The Mountain by Luca D’Andrea Maclehose Press November 30th 2017
Jeremiah Salinger is a documentary film maker recently withdrawing to the Dolomite Mountains in Italy with his wife and young daughter. Theirs is a quiet life until Annelise’s father, Werner, recalls his days in the local mountain rescue. Seizing on an opportunity to film a new documentary, Jeremiah accompanies them on a rescue only to be the only survivor as their helicopter crashes.
Depression and nightmares haunt Jeremiah after the accident until a trip with his daughter to the Batterclach, a local canyon. It is there that Jeremiah overhears a conversation concerning the brutal killings of three students. The murders remain unsolved and Jeremiah is hell bent on discovering the truth even if that is at the cost of his marriage.
Mountains, three unsolved murders and a character with PTSD all sound like a great mix for a crime novel and I had high expectations especially as the cover claimed it to be an Italian bestseller.
I wasn’t quite prepared for how slow paced the novel was and did consider putting the novel to one side at times but much like the main character Jeremiah I persisted.
Jeremiah is a believable and like able character and the author was good at portraying the effects major trauma can have on an individual. His determination to solve the crime created some great drama, although the brutal murders are graphically described and do not make for comfortable reading.
D’Luca is excellent at keeping the reader on their toes as the novel has many twists and turns. We are never quite sure who is telling the truth or who we can believe and just as you think you have guessed the murderer the novel takes off in another tangent. The inclusion of local legends concerning the Batterclach Canyon creates an eerily atmospheric element to the novel and makes a great addition to the story.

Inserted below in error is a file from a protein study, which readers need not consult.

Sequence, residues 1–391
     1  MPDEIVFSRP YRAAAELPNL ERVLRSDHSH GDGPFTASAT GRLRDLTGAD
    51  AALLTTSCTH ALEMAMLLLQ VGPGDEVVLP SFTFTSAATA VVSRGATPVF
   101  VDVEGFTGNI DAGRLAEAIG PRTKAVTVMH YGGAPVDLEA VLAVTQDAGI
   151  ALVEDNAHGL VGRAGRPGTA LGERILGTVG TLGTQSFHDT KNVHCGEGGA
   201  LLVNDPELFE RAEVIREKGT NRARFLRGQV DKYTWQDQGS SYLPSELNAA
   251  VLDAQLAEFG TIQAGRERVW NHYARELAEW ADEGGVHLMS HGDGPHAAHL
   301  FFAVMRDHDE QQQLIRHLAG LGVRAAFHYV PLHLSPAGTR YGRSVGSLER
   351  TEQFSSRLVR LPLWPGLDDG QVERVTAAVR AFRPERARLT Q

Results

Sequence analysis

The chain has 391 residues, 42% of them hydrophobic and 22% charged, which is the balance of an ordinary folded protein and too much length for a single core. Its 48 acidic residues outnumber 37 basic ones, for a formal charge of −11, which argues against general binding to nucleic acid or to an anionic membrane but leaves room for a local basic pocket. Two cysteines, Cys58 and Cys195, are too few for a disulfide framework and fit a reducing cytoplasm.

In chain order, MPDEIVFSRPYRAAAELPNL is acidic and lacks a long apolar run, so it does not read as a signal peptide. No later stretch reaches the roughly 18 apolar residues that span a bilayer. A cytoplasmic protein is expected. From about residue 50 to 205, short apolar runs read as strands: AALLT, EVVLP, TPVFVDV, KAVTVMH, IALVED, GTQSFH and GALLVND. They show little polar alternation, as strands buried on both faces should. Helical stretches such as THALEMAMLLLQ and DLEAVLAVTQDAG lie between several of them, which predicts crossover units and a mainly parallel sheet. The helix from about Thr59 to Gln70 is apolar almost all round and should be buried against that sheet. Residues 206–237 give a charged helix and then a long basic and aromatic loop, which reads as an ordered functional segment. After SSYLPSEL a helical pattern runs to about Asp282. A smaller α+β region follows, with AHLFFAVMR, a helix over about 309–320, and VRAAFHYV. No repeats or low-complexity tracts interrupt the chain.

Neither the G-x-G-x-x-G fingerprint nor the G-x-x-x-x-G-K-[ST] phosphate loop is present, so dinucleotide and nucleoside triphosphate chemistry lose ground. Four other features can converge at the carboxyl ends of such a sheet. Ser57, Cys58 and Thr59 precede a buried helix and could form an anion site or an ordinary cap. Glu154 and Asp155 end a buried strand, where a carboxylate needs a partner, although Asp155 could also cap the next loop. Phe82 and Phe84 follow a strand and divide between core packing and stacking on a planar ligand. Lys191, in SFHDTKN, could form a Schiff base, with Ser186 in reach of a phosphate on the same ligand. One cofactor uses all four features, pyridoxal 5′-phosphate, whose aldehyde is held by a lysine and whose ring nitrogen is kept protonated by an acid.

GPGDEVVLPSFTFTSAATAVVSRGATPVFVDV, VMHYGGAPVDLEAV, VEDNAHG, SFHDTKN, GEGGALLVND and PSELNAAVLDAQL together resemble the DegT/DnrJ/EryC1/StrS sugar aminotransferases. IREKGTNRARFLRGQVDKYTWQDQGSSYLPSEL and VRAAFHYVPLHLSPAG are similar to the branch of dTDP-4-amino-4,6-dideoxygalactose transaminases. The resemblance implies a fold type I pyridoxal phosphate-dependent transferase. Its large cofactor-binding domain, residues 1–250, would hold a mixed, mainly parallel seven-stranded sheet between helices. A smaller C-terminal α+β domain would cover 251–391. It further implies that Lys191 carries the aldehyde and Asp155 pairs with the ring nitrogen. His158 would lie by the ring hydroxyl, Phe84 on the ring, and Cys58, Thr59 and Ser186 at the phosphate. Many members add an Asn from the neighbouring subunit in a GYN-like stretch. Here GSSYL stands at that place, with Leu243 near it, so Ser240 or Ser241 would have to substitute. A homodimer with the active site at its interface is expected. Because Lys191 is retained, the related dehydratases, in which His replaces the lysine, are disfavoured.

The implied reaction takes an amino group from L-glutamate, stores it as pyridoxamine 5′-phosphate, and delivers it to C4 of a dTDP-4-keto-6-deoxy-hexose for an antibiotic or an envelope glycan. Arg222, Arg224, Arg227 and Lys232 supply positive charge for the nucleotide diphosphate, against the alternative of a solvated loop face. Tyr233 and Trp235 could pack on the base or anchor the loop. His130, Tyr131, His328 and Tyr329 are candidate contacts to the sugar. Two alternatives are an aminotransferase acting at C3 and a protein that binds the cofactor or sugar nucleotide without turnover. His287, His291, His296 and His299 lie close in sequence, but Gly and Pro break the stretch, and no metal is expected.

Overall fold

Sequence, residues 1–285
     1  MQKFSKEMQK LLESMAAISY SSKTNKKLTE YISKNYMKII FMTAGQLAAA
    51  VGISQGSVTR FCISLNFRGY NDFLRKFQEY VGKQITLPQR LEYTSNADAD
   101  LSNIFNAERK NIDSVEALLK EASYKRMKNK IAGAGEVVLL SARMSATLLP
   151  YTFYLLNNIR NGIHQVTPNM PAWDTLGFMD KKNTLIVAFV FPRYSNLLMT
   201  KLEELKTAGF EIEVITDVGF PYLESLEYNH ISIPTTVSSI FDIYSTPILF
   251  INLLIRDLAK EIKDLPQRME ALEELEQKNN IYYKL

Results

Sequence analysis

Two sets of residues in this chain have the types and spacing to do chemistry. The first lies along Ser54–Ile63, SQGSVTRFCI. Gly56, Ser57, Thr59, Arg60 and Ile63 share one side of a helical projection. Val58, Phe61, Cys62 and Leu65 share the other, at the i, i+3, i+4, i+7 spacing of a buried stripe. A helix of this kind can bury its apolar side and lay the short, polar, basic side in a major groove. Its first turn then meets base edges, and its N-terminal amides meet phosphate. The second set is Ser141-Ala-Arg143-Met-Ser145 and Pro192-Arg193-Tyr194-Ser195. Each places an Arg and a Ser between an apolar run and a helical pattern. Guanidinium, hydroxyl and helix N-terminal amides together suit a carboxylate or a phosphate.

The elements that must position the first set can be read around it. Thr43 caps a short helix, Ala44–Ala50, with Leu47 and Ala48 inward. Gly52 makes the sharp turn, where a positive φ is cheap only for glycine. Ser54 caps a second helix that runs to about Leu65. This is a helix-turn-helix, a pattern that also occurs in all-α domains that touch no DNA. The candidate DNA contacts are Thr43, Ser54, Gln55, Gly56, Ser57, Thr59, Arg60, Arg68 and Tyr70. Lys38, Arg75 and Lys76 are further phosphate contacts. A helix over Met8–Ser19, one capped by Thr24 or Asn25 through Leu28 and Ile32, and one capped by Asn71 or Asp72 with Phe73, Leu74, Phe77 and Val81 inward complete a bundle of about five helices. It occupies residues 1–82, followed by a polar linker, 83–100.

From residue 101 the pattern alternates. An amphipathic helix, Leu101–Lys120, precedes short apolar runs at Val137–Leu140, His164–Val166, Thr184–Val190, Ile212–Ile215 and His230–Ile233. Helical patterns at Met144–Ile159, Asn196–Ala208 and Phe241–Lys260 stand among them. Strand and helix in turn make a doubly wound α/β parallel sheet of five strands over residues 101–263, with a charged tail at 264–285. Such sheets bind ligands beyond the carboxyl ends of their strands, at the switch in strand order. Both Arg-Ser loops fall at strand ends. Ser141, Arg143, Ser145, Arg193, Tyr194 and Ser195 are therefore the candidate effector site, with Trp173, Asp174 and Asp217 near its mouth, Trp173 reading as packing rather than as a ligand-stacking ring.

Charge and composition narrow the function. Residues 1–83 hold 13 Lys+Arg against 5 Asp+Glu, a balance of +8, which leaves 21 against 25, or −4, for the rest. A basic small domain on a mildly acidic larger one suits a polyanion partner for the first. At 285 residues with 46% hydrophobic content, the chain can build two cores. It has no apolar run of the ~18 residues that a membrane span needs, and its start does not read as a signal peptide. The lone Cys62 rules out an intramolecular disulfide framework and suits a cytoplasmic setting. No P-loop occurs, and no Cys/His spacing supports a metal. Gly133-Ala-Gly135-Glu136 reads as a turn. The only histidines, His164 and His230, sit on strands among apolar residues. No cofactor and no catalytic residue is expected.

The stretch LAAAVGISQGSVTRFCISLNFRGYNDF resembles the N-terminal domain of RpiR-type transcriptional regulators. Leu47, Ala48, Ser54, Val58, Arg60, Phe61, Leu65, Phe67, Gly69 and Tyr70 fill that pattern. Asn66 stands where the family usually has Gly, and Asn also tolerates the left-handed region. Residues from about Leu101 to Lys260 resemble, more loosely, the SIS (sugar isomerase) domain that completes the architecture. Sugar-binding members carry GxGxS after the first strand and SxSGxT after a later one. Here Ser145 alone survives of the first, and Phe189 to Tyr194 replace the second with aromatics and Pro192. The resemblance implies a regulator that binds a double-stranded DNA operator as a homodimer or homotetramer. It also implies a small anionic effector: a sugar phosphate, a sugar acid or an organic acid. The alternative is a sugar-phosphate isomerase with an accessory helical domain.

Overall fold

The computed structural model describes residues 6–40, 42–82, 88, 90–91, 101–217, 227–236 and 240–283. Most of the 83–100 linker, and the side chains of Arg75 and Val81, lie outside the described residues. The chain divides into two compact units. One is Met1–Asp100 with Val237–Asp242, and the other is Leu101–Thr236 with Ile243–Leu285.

There is a myriad of twists and a big twist towards the end that I wasn’t expecting.
This is a novel that has all the elements of a great crime novel but has a tendency to get bogged down in places. I also felt it was overly long, with a tendency to go into too much detail which can detract from the story and lessen the tension and drama you expect from a crime novel.
If you can wade through the detail and persist this is an atmospheric and compelling read.
About the author.
Luca D’Andrea was born in 1979 in Bolzano, Italy. He worked for ten years as a teacher.
The Mountain was the fastest selling book at the 2016 London Book Fair and was sold in more than thirty countries. It is his first novel.